While the decision to leave the policy repo rate unchanged at 8.00 percent was in line with forecasts, expectations for a rate cut had grown after India's finance minister on Monday outlined a plan to trim the country's hefty fiscal deficit.
As inflation eases further, there will be an opportunity for monetary policy to act in conjunction with fiscal and other measures to mitigate the growth risks and take the economy to a sustained higher growth trajectory, RBI Governor D Subbarao wrote in his quarterly policy review.
Headline wholesale price index inflation rose to 7.8 per cent in September, a 10-month peak, and the RBI said it expects inflation to rise before easing in the final quarter of the fiscal year, which ends in March.
While risks to this trajectory remain, the baseline scenario suggests a reasonable likelihood of further policy easing in the fourth quarter of 2012-13, Subbarao wrote.
The market had been positioned for a rate cut, said A Prasanna, economist at ICICI Securities Primary Dealership.
There's a positive that RBI has said there's a likelihood of easing in the Jan-March quarter. Looks like RBI wants inflation to peak out before cutting rates so we shouldn't expect anything in December. We expect a 50 basis points cut during Jan-March, he said.
India's 10-year bond yield rose around 4 basis points, while the rupee and stocks weakened.
Investors, companies and the government have been clamouring for a cut to interest rates that have been on hold since April and remain some of the highest among major economies.
A rate cut in the face of jump in September WPI, sharp upward revision to historical numbers and recent rebound in the proxy core inflation measure, might have put the bank's inflation-fighting credibility at risk, said Radhika Rao, an economist at Forecast Pte in Singapore.
While economic growth in India has been slowing, inflation has not, and the central bank has been calling on the government to follow through quickly on recent steps to cut its deficit and encourage investment, and to take further such measures.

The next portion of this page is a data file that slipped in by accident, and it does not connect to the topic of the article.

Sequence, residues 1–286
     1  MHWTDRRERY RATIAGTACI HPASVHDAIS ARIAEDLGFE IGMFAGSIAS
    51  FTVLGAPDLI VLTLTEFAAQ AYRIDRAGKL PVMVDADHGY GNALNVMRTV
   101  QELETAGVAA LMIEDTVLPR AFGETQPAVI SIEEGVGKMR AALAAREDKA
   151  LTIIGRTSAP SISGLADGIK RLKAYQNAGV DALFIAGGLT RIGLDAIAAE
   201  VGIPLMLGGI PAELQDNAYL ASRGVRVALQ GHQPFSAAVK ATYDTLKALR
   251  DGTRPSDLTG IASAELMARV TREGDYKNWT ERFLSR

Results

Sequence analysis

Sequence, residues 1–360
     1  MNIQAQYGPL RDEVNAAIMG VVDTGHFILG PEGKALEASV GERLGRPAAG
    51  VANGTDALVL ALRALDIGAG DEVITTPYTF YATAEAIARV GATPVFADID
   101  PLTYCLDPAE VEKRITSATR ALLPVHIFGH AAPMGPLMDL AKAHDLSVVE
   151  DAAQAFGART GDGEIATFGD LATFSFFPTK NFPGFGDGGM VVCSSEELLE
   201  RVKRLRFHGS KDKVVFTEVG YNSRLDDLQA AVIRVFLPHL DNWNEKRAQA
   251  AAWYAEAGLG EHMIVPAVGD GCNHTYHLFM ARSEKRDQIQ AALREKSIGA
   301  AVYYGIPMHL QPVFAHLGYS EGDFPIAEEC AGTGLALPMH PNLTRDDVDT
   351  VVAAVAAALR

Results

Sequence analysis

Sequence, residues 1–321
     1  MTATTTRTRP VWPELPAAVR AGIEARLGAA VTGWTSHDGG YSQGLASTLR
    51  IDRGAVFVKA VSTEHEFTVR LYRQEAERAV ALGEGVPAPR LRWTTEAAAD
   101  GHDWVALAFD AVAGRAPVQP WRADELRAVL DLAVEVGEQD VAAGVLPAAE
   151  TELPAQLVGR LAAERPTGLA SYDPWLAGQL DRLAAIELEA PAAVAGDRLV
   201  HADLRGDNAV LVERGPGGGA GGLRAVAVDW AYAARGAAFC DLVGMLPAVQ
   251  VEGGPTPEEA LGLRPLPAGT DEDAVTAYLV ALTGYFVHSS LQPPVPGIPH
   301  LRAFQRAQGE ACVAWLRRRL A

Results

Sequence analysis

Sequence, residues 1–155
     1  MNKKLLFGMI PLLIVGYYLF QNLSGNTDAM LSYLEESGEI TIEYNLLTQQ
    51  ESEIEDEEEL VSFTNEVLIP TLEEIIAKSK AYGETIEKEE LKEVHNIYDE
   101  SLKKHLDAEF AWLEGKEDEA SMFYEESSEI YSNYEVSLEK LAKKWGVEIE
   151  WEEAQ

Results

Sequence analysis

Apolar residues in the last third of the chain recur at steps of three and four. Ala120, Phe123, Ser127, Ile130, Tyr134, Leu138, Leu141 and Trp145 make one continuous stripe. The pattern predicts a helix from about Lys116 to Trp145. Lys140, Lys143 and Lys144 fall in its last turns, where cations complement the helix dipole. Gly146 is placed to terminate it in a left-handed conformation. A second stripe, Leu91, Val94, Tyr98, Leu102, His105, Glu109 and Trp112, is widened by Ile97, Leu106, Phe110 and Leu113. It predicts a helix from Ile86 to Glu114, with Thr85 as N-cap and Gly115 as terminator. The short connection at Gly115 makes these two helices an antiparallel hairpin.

Recent policy announcements by the government, which have positively impacted sentiment, need to be translated into effective action to convert sentiment into concrete investment decisions, Subbarao wrote.
Finance Minister P Chidambaram on Monday outlined a plan to nearly halve the deficit in just over four years. While he gave few specifics, his announcement at a hastily called news conference was seen as adding pressure on the RBI to cut rates.
New Delhi has unveiled a spate of reforms to bolster investment and rein in its fiscal deficit, including raising the price of subsidised diesel and lifting caps on foreign investment in several industries.
The RBI cut its GDP growth forecast for Asia's third-largest economy to 5.8 per cent for the current fiscal year, from 6.5 per cent previously, and increased its projection for headline inflation in March to 7.5 percent, from 7 percent earlier.
The central bank lowered the cash reserve ratio, the amount of deposits that banks must keep with the central bank, by 25 basis points to 4.25 per cent, a move it said would inject about 175 billion rupees into the banking system in order to preempt potentially tightening liquidity.
In a poll earlier this month, economists had been nearly evenly split on whether or not the RBI would lower CRR.
* RADHIKA RAO, ECONOMIST, FORECAST PTE, SINGAPORE
RBI stood by its tough anti-inflation rhetoric by opting not to lower the key policy rate though preferred to trim the CRR as a step to lower funding costs and possible compromise. A rate cut in the face of jump in September WPI, sharp upward revision to historical numbers and recent rebound in the proxy core inflation measure, might have put the bank's inflation-fighting credibility at risk.